“KDP and PUK still maintain a strong relationship with key leaders of Hashd, like Hadi al-Amiri, and they have interests in Baghdad. They know that major Shiite forces like Badr and to a certain extent even Asaid [Ahl al-Haq] are not that crazy to go on an all-out war with the Kurds,” added Ali.
The PMF “need the Kurds. KDP and PUK have predictable votes. They have large voting blocs during elections and in the aftermath, in the government formation. They fight over the Kurds,” he said.
These rockets attacks may cease if the US leaves Iraq, but the way in which they depart matters as well. If the US withdraws according to the PMF demands – quickly and absolutely – then it could lead to increased tensions in the country. “However, if the US leaves through a long-term, strategic agreement with the Iraqi government, and providing the government with international support to establish monopoly over use of violence in the country, then Kurdistan wouldn’t really be very worried about the future,” said Mohammed.
A US-Iran deal and thawing their relationship could also help to stop these attacks, argued Ali. “The Americans won’t sign a deal that doesn’t include the Iranians reining in these militias and changing the course of their action,” he said.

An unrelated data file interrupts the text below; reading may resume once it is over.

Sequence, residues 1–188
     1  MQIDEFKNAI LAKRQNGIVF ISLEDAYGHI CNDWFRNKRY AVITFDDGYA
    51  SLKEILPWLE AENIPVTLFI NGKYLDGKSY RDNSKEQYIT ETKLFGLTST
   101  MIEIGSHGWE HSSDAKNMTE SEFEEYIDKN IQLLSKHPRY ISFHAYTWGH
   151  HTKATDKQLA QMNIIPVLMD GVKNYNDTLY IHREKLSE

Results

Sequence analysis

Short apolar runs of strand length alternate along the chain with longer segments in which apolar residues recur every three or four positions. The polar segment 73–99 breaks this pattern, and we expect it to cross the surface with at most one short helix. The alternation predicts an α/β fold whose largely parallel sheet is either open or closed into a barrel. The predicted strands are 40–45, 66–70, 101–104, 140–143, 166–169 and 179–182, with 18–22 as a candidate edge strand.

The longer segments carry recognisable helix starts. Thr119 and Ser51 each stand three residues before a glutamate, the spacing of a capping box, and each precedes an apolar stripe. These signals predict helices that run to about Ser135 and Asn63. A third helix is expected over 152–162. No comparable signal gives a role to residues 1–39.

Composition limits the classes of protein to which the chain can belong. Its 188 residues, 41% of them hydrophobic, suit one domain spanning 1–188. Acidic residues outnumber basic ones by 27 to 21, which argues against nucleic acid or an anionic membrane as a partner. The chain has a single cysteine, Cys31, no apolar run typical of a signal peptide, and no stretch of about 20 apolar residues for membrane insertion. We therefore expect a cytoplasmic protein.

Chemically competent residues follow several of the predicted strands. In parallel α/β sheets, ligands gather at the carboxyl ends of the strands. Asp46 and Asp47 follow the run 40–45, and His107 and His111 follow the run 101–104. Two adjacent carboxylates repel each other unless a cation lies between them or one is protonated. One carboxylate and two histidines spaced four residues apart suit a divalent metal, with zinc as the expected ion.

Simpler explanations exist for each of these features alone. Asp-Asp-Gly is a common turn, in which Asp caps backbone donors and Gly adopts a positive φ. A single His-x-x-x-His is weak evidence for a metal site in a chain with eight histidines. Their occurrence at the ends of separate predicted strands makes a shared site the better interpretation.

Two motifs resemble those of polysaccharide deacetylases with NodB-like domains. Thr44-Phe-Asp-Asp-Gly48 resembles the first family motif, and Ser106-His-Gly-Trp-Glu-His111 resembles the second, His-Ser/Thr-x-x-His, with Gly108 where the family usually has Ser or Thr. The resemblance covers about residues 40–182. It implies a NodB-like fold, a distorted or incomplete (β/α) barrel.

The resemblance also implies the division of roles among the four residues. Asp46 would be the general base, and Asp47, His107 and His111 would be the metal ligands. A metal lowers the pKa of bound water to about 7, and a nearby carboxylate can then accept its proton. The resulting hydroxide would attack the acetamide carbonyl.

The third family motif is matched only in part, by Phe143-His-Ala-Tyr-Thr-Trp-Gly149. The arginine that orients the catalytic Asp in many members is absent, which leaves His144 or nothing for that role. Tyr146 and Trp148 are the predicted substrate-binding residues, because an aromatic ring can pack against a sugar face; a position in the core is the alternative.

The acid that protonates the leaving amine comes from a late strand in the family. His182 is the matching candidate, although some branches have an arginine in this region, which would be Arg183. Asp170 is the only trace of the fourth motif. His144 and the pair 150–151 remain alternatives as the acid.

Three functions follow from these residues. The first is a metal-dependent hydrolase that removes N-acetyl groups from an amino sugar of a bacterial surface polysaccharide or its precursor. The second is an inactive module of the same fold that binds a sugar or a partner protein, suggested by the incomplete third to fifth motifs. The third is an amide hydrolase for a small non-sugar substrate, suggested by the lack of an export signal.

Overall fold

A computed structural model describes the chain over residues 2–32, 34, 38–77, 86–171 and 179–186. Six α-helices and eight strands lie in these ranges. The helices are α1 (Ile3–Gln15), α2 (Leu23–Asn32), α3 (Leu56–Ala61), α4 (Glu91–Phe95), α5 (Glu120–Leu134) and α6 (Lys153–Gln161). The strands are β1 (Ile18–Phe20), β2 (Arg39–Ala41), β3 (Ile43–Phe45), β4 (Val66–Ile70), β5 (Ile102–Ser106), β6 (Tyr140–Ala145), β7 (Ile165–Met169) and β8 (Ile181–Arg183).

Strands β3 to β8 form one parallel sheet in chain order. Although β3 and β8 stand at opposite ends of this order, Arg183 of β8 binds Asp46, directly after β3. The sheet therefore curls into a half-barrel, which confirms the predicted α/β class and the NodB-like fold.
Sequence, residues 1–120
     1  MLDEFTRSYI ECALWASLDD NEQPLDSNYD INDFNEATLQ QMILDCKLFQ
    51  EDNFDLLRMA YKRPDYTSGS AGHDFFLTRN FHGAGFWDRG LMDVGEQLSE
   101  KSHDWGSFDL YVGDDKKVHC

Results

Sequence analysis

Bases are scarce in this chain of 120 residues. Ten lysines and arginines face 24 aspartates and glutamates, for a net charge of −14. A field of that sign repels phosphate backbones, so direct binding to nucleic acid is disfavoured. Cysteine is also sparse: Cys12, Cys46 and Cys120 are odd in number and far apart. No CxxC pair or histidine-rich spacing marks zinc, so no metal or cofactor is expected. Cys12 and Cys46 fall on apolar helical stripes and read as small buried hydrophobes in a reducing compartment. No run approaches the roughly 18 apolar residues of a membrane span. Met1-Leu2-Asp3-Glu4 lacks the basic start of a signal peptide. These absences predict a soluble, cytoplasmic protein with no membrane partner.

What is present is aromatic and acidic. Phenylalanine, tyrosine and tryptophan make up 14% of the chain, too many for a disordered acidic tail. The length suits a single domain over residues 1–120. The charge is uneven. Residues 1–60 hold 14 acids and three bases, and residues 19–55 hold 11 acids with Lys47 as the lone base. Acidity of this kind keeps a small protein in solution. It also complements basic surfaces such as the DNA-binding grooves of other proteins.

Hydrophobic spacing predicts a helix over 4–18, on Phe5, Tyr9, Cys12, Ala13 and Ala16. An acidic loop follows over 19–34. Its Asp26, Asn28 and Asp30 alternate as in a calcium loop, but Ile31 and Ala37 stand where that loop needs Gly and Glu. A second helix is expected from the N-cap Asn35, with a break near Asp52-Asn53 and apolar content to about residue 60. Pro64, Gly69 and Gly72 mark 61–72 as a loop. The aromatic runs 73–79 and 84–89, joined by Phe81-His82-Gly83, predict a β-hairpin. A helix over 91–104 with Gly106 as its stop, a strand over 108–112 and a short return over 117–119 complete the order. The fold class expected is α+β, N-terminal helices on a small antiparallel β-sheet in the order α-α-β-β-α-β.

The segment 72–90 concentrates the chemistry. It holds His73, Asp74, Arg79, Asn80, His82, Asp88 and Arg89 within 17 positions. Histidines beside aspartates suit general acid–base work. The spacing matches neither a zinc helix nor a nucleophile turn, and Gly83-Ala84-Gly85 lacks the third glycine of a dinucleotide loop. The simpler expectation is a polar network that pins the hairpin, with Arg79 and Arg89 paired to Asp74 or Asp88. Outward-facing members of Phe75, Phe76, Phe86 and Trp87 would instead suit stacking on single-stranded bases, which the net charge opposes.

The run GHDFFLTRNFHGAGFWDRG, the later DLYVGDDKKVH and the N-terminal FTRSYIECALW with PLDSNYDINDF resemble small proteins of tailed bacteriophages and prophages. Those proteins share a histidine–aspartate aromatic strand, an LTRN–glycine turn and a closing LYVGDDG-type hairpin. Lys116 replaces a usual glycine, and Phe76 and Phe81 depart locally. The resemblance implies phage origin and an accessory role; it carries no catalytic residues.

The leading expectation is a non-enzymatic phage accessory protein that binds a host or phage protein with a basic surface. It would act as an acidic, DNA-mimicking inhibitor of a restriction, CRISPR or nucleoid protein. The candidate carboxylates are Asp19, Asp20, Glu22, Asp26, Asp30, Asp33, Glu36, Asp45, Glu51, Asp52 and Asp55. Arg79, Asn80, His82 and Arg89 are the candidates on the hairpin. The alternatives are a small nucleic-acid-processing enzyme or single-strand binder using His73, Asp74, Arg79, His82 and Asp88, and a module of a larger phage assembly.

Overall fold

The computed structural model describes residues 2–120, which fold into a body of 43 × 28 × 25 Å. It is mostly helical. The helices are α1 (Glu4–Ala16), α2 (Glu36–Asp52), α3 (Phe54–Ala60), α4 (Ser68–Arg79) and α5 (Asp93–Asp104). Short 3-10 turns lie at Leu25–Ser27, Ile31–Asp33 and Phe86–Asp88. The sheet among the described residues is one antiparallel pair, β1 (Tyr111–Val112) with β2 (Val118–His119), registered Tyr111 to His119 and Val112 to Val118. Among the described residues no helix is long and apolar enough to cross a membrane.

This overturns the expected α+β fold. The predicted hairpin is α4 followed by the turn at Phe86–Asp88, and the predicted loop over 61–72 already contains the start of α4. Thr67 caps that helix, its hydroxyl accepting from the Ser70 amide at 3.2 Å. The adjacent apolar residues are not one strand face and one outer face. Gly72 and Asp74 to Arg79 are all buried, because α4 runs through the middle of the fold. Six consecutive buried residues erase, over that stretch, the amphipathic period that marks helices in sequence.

“2011 is different to now,” said Ali, referring to the last withdrawal of US troops from Iraq. “Now, Iran’s allies are powerful on the ground, but they are not that powerful. There are a lot of challenges from the protest movement, from the people, from the Shiite population.”
In October 2019, mass demonstrations erupted across southern Iraq with mainly youth protesting against corruption, nepotism, and lack of services. They demanded systematic change and condemned foreign intervention, particularly from Iran. The militias responded with coercive measures to silence the protests, including shootings and assassinations. Over 600 people have been killed. The protests are continuing, albeit on a smaller scale.
If the US withdraws completely and leaves Iraq, Iran won’t take over, said Ali. “Even if it [Iraq] is abandoned, the circumstances on the ground have changed. People have different opinions and ideas about these political parties and their militias, about Iran, and even about Americans. It won’t be the case that they will rule the way they want and as they wish.”
The PMF “have to make concessions.”
Mohammed Rwanduzy is an independent political observer and analyst.